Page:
- Exercise & Fitness
Benefits of strength training for type-2 diabetics
It has now become a well known fact that diabetes mellitus has assumed epidemic proportions all over the world. It is equally well known that its complications not only affect one’s life adversely but can also be life-threatening. In spite of these widely known facts, few are serious about managing their diabetes well.
Unequivocally, it has been proven that exercise plays a significant role in the management of type-2 diabetes. Aerobic exercise such as walking, running, jogging, swimming etc. significantly improve heart health and lower the risk for heart attack or stroke in diabetics. But strengthening the muscles is also essential for staying healthy for those, who have type-2 diabetes. Strengthening the muscle with the help of weight training can be especially helpful for controlling blood sugar levels by improving insulin sensitivity. In other words, diabetics can reduce their blood sugar levels by developing more muscles.
Studies show that lifestyle changes such as regular strength training have a profound impact on helping older adults manage their diabetes. In a recent study of Hispanic men and women, 16 weeks of strength training produced dramatic improvements in glucose control that are comparable to taking diabetes medication. Additionally, the study participants were stronger, gained muscle, lost body fat, had less depression, and felt much more self-confident.
Benefits of strength training in type2 diabetics -
Strength training helps diabetics in the following ways:
- It improves muscle tone and in most cases muscle size.
- Larger muscles burn more calories even at rest, thereby utilizing more glucose. Therefore, regular resistance training can help control blood glucose 24 hours a day.
- Strength training helps reduce fat in diabetics.
- It may also help reduce the risk of heart disease and stroke.
- It improves bone density in them.
- Strengthening exercises are quite effective even for elderly diabetics. Moreover, strength training reduces sarcopenia – loss of skeletal muscle mass and strength - that is associated with aging in older people.
Depending on the severity of diabetes, one has to exercise precautions because lifting weights may worsen diabetic complication for some. Common precautions are listed below:
- For most people, a blood sugar level between 100 mg/dl and 250 mg/dl is OK pre-workout range. Avoid doing strength training if the blood glucose level is greater than 250 mg/dl or if there are high ketone levels in the urine. In diabetics, dangerous and high levels of ketones can develop, when there is not enough insulin. High urinary ketone means that insulin is too low and the body is breaking down fats for fuel. Don't exercise until you've got your glucose down near normal and your ketones down to just traces.
- In the presence of any other complication of diabetes such as heart disease, high blood pressure, stroke etc., the individual should get oneself examined by a doctor before starting a routine of strength training. If it is recommended, it should be done under the guidance of an expert in the science of exercise.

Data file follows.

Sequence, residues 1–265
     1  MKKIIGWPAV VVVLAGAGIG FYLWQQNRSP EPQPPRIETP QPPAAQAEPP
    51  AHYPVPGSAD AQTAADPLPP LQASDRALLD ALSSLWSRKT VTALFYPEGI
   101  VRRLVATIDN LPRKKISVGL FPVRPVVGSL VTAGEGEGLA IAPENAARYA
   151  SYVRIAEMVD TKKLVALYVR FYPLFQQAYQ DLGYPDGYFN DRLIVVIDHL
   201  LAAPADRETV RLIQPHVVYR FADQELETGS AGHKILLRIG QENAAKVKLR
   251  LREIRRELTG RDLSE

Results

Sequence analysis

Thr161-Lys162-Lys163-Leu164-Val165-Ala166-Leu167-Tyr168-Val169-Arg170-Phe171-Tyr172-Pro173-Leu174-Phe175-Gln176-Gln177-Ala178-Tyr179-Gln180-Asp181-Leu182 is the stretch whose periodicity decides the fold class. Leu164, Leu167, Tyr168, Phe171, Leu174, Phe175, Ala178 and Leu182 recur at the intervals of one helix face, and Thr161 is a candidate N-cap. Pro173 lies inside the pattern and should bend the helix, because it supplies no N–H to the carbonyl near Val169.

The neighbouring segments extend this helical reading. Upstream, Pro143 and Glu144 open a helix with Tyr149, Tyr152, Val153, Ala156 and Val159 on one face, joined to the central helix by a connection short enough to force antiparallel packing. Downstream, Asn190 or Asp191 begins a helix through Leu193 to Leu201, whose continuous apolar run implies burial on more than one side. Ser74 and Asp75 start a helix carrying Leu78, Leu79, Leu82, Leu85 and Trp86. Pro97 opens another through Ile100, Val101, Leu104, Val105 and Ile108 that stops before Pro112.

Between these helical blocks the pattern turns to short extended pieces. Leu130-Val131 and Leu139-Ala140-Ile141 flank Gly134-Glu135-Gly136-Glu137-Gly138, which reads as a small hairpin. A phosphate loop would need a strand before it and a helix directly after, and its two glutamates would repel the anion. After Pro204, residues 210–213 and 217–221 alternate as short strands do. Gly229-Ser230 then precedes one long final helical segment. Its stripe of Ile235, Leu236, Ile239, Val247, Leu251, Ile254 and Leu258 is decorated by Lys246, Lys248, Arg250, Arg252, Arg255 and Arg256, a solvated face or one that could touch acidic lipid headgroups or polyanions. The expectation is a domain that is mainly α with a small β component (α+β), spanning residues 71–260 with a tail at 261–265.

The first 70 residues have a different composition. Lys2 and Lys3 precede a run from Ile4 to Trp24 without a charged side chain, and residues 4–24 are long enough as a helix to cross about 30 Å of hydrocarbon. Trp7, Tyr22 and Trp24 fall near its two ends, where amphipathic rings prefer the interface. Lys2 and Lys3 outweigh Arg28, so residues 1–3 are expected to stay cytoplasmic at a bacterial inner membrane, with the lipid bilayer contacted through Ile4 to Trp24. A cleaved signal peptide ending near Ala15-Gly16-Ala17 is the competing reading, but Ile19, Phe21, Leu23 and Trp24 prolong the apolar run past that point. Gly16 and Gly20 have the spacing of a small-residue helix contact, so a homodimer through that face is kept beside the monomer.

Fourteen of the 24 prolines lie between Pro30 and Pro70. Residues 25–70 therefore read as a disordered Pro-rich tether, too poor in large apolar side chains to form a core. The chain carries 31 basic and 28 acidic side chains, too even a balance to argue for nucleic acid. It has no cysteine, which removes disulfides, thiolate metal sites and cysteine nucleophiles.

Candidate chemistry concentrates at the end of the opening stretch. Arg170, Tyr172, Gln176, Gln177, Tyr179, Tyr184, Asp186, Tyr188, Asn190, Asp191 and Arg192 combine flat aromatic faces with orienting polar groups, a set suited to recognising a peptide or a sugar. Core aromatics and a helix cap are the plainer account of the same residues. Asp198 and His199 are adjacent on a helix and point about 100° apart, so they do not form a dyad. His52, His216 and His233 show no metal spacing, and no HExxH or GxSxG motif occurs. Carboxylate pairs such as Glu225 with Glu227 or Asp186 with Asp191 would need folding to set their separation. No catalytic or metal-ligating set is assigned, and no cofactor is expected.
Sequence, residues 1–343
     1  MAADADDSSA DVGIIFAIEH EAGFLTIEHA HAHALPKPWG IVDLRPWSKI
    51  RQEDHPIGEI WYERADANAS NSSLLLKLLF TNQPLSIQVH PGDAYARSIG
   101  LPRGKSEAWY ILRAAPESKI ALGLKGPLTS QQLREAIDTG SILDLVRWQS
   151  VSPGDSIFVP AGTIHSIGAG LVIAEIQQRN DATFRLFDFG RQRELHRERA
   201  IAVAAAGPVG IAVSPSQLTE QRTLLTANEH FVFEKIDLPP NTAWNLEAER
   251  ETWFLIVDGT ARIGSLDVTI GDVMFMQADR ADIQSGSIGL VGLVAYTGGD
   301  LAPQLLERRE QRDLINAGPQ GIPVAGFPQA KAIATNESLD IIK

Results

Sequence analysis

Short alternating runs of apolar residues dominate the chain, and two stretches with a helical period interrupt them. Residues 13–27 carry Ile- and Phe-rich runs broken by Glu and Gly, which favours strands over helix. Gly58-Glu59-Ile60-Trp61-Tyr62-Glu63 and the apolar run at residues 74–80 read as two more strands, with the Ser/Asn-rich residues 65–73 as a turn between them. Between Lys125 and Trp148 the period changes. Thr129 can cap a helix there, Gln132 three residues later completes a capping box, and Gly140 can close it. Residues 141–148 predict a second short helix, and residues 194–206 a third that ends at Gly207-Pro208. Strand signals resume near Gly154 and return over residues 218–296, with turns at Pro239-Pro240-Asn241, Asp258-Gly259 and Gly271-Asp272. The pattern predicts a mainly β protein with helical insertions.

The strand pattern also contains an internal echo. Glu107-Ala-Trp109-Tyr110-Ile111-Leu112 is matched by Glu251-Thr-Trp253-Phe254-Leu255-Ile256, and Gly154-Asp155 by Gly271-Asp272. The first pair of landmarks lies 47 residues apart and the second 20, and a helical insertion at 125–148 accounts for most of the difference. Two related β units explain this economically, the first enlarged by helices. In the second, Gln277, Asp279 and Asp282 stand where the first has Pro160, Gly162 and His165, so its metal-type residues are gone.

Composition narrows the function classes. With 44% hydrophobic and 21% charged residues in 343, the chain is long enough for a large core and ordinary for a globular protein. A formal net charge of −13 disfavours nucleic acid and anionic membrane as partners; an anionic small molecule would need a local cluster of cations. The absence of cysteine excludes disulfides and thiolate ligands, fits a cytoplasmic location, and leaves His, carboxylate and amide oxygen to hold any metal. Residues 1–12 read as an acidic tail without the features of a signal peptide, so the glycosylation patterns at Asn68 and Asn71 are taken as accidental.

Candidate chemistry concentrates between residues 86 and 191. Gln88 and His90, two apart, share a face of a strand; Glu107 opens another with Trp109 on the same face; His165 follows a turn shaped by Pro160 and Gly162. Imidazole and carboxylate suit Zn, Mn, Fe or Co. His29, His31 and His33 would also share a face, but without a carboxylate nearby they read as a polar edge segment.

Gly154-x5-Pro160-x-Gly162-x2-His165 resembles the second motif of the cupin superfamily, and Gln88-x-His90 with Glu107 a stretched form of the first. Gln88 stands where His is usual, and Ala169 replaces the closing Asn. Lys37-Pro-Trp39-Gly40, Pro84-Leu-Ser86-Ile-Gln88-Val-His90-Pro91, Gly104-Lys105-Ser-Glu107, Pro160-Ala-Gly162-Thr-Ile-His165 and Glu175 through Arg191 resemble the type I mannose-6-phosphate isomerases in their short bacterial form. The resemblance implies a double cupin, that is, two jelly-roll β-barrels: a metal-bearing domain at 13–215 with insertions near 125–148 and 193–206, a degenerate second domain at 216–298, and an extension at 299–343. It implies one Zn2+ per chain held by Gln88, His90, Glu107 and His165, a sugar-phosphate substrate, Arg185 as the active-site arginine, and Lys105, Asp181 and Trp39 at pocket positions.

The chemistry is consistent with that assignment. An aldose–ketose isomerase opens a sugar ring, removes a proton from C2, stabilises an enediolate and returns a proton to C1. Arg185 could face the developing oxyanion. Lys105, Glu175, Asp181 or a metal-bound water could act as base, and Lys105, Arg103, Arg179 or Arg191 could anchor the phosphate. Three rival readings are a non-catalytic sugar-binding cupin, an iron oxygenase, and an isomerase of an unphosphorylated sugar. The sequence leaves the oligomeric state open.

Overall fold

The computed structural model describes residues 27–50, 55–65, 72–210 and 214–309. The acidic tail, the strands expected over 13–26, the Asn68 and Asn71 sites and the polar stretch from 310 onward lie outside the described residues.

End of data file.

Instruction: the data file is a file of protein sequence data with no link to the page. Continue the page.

- To protect against foot injuries, diabetics should wear cotton socks and athletic shoes, especially if they have diabetic nerve damage or circulation problems.
- The diabetics should use lighter weights as they will not raise blood pressure as much as the higher load.
- It is also important to minimize the risk of developing hypoglycemia (low blood glucose) during exercise. Observe the precautions of having a light meal just before exercise, and checking blood glucose 30 minutes before and 30 minutes after exercise. Knowing the warning signs of hypoglycemia, namely - weakness, shakiness, confusion, sweating more than usual, palpitation or headache - will help diabetics tolerate exercise better, by avoiding hypoglycemia.
- The diabetics should consult the dietician regarding foods that are appropriate to be eaten before, during and after the workout.
- The diabetics should also follow the general exercise guidelines such as warm-up, cool-down, safe footwear, adequate hydration and exercising in extreme conditions.
Guidelines of weight training for type-2 diabetics –
Below are guidelines of weight training for diabetics. Before embarking on a schedule of weight training, they should get themselves examined by a physician, who is well knowledgeable in the science of exercise.
- Do strength training two to three days a week with at least one day off between training sessions to allow muscles to rest and build.
- Do at least 8 to 10 weight exercises in a session to train all the major muscle groups of the upper and lower body.
- Train with low or moderate intensity. Low intensity involves two or three sets of 15 reps with lighter weights. Moderate intensity involves two or three sets of 8 to 12 reps with heavier weights. There should be 2 to 3 minutes of rest between sets.
- There should a workout period of 20 to 60 minutes per weight training session depending on the level of fitness.
The bottom line –
Many studies prove that strength training can be safely recommended to patients suffering from type-2 diabetes. It can make the body more sensitive to insulin and lower the blood glucose. It also helps to maintain and build strong muscles and bones, reducing the risk for osteoporosis and bone fractures. The more muscles one has, the more calories one burns even at rest. So, preventing muscle loss by strength training is also the key to maintaining an independent lifestyle in a diabetic as the person ages. Therefore, it is recommended for persons with type-2 diabetes that they should do regularly some type of strength training at least 2 to 3 times per week in addition to 30 minutes of moderate aerobic activity 5 days and some basic stretching exercises 2 to 3 days a week.